Cemetery Tours Keep History Alive | A&E

SHERIDAN – Sheridan County is a place rich in history where street names, building names and long-standing traditions can serve as links to a long forgotten past.

But “history has a way of turning people into signatures,” according to Mikayla Larrow, executive director of the Museum at the Bighorns. Over the years, we remember the names and a few key details, but the rest can be lost and forgotten, even by family.

“We have found that some of our local families have unfortunately forgotten their family history, or that the details they do remember do not match the documentation we found,” said Larrow. “It’s a shame because these family stories are where the legacies come to life. But as we speak to family members who are three or four generations away from the person we are interested in, there aren’t many memories left. “

For the past six years, the Museum at the Bighorns has helped people remember by offering tours of Sheridan Municipal Cemetery each fall. These tours offer windows to the past and reminders of the town’s ancestors and notable personalities. The last of this year’s tours, focusing on the history of local law enforcement, will take place this Saturday at 10 a.m. and 1 p.m.

“We’re doing this to keep Sheridan’s stories alive and to keep our voices alive,” Larrow said. “It’s very easy to look at a gravestone and say, ‘It was just a person who died a long time ago.’ But their existence was not that different from yours or mine. They have suffered disappointments and hardships. They had losses and triumphs. I think our ancestors have stories that we can all relate to no matter where we are in our lives. These stories remind us of what makes us human.

Jessica Salzman, museum collections manager, agreed.

“This is Sheridan’s story,” said Salzman. “It is important that we know where we come from as a city, because it can indicate where we will go in the future. “

The museum offered five different tours of the cemetery this month, starting with two “living history” tours in which volunteers played key figures from Sheridan’s past. These tours were followed by trips focused on the symbolism of the tombstone; the “heavyweights” of Sheridan County who have had a major impact on its history; and local law enforcement.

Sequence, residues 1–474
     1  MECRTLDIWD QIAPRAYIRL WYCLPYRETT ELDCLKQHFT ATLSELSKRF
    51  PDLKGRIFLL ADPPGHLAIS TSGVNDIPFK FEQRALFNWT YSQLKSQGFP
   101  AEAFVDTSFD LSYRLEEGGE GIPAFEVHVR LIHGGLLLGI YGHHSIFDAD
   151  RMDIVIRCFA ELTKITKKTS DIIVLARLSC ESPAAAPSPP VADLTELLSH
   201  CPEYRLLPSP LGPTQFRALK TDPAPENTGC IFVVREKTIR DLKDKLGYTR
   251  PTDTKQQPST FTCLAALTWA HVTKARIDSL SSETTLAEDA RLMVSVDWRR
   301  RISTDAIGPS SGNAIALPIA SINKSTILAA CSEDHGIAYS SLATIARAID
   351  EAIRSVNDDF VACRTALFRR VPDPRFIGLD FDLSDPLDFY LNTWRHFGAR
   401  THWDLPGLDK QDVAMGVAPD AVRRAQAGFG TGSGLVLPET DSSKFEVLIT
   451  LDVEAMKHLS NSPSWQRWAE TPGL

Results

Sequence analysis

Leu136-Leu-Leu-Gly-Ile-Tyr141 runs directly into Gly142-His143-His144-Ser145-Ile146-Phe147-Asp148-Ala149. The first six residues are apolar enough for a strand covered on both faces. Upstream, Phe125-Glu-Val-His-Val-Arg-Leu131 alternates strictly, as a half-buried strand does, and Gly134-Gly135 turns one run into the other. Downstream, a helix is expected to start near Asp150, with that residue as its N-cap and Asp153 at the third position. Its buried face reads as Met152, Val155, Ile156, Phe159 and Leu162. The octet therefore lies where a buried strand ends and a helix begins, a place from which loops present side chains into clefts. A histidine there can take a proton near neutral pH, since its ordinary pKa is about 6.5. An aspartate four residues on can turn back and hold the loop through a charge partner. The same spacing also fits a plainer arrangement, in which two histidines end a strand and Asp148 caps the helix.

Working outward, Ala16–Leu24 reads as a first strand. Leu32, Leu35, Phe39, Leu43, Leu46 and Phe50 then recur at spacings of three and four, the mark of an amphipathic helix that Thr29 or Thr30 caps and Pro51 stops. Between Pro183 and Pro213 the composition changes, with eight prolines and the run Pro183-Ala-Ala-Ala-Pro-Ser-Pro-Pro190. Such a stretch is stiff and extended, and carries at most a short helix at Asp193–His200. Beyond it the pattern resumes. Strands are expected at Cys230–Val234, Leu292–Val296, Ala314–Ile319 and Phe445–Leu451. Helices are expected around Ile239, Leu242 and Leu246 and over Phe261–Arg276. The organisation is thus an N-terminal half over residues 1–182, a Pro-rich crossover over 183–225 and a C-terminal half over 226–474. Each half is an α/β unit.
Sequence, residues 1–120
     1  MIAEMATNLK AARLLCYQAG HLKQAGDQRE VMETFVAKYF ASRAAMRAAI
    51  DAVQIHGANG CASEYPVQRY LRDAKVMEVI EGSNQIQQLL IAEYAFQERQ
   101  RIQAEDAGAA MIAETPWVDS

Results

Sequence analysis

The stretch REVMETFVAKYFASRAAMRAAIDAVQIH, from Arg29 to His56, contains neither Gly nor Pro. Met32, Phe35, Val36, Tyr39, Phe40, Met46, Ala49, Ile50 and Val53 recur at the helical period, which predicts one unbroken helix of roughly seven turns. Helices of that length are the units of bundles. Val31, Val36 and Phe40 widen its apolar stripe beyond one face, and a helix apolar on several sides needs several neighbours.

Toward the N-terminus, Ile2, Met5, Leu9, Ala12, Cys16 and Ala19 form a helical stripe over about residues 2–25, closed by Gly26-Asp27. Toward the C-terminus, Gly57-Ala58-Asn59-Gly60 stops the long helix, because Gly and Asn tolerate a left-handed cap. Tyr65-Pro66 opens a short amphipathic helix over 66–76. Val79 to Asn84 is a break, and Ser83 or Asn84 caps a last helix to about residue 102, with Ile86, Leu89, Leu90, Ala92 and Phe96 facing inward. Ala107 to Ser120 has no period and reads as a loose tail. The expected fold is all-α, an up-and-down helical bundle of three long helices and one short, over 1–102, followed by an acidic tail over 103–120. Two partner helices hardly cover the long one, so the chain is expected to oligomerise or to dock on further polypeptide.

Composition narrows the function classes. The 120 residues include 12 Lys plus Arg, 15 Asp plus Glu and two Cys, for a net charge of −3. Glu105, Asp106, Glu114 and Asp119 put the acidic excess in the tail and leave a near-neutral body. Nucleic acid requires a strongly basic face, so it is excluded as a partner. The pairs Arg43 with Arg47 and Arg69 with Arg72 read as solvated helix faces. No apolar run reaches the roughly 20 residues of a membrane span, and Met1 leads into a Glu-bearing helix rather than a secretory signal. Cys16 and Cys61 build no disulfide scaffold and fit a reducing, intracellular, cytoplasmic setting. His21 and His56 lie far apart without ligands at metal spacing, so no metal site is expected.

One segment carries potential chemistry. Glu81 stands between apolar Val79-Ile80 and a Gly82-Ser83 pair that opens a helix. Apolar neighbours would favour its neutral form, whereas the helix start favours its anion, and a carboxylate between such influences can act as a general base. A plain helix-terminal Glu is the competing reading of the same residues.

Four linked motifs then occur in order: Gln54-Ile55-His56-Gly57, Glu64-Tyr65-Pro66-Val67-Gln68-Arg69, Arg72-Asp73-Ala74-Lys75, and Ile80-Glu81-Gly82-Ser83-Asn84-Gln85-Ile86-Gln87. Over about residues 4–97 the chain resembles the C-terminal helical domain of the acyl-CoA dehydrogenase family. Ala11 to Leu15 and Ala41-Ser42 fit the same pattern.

Some of this year’s tours have been in the works for two years, with museum staff choosing a theme, choosing people who match the theme, and researching those people by reading old historical documents and newspapers.

When selecting who to highlight, the museum chose recognizable names, but also made an effort to draw attention to people like Peter and Mary Kooi, benefactors of many local causes who have largely stayed behind. away from the spotlight during their lifetime.

“They have done everything they can to improve the community, but the only thing named after them is the college library,” Larrow said. “But they had the very first meeting about having a YMCA on their porch and the same goes with the Boy Scouts. Peter had a saying that “you can do a lot of work if you don’t care who gets the credit.”

While working on her gravestone symbolism tour, Larrow was drawn to unique gravestones and often uncovered unique stories such as the story of Frederick Lewis, a local shepherd who served in the Canadian Army during the First World War.

“I looked for things that caught my eye,” Larrow said. “And a military gravestone with a maple leaf on it definitely caught my eye. I love to share these kinds of unique stories with our community.

Whatever the story, the cemetery provides a unique place to bring history to life and share it with residents of Sheridan County, Salzman said.

“It’s a lot more interesting than just sitting in a conference room,” said Salzman. “When you visit the tombstones and see who they are buried near, it makes history come alive.”

Graveyard tours serve as a fundraiser for the museum’s education department, including providing funds for the museum’s Tidbit activity series for children ages 6-10. The dollars also help fund the restoration of the museum’s interactive exhibits, Larrow said.

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